Rating: 3.5 out of 5 stars [See our Review Guide]

9 Comments »

  1. i read the novel and….it was so….黄, and the later half of the novel involved the military, painting the high ranks in bad light….so even if the plot didn’t involve BL, i am quite sure it will never be allowed to air. I am only hoping that the ban on them appearing together gets lifted. Their career have gone rather mainstream these years so I doubt the shot but unaired footage for remaining episodes will get to air.

  2. A Taiwanese remake would be better. As long as the boys don’t wear blue shorts and attend university engineering faculties. LOL

  3. I also have mixed feelings about this show- especially the sexual predatory nature to Luo Yin by Gu Hai. Also the crazy violence of Gu Hai toward anyone who gets in his way. I saw this as less of a love story and more of a hostile takeover. But the series brought a real sense of time and neighborhood to life- no matter how ridiculous the writing/plot- the acting was very good. I also wondered if the ban by Chinese authority was due to showing the corruption of the military and government authorities.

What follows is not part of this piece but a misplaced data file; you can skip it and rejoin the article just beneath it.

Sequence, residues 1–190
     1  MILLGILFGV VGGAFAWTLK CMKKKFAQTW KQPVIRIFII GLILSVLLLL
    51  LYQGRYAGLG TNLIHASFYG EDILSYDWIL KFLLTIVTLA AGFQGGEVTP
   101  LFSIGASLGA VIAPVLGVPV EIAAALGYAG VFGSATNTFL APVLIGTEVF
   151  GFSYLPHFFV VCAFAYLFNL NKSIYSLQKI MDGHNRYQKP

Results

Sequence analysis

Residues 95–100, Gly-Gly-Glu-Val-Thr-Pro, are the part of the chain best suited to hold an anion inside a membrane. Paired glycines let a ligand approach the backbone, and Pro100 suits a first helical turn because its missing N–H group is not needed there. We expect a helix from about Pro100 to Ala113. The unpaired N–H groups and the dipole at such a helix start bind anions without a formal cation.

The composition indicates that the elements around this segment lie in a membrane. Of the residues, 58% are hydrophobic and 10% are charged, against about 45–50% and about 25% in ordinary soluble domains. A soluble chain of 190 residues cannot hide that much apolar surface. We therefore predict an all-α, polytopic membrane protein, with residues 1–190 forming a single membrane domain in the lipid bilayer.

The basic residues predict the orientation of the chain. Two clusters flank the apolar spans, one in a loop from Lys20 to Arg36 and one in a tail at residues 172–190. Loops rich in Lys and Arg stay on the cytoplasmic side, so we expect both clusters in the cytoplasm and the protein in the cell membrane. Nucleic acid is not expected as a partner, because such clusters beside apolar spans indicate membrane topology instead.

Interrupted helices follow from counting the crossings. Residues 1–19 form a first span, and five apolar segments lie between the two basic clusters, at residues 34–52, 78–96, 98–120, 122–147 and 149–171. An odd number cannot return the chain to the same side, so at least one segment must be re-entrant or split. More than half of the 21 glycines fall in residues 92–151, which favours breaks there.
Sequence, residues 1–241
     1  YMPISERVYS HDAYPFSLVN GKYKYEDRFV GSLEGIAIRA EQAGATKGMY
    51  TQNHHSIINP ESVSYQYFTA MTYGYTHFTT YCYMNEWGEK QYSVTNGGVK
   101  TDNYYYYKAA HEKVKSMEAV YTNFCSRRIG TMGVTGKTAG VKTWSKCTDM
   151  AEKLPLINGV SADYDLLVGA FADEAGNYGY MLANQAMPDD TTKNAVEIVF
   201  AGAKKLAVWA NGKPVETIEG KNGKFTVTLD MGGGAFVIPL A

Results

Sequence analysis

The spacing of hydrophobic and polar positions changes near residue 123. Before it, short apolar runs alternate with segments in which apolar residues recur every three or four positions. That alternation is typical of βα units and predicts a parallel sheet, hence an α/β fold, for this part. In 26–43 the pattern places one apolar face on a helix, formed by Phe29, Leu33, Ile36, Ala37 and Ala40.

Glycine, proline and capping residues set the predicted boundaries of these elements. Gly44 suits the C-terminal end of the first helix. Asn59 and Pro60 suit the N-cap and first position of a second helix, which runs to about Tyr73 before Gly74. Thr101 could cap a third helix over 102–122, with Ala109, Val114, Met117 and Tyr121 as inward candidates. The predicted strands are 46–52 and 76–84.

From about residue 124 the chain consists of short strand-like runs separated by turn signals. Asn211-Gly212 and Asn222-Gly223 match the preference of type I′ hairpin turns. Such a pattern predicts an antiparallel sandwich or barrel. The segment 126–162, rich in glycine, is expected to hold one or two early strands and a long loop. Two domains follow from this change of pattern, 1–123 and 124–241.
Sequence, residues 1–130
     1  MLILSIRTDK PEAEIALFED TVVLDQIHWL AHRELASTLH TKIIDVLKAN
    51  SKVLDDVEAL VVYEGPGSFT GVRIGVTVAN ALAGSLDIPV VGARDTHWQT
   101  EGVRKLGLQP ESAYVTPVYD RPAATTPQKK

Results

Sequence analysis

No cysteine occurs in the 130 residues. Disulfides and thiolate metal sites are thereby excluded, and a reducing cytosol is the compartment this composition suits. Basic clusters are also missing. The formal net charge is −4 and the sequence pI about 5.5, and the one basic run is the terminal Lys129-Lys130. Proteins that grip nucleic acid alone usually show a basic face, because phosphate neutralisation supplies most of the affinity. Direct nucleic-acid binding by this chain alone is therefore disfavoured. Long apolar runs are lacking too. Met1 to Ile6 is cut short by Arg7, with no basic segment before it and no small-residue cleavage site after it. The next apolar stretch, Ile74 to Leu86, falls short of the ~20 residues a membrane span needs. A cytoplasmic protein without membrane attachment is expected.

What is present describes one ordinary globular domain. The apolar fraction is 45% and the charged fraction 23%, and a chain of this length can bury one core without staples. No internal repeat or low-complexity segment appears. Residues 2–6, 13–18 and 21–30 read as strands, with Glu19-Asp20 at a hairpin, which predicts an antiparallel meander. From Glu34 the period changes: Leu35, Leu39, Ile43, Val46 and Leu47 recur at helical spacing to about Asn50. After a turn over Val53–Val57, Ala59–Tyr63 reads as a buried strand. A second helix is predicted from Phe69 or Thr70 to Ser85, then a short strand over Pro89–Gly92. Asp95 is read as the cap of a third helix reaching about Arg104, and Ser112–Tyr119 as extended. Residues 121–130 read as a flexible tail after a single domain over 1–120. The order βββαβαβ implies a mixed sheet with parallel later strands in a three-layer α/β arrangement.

• Well I kinda loathed Gu Hai volatile tendencies too. But at the end of the day, Luo Yin accepted him, so we can’t really complain. About the corruption part, I had no idea. Thanks for pointing that out.

      • Hahaha yes I wish the same. Maybe a little more mature kind of love story too.

  4. One of the production houses in Taiwan has procured the copyrights to Addicted and is going to remake the show. I’m not sure if that’s the trailer you are talking about, but we might soon have a Taiwanese version, without any extended cuts.

  5. Informative, yet bittersweet review. Thank you.

    I’m confused by the teaser trailer Addicted & Heroin now running on YT. Do you know if there is going to be a 2nd season? Filmed outside mainline China perhaps?

    Thanks again, well done.

    PS. Reading that Gu Hai and Luo Yin are banned from appearing together in public was chilling. Learning that such things still go on in 2020 is like a whack on the side of the head. Boy am I naive.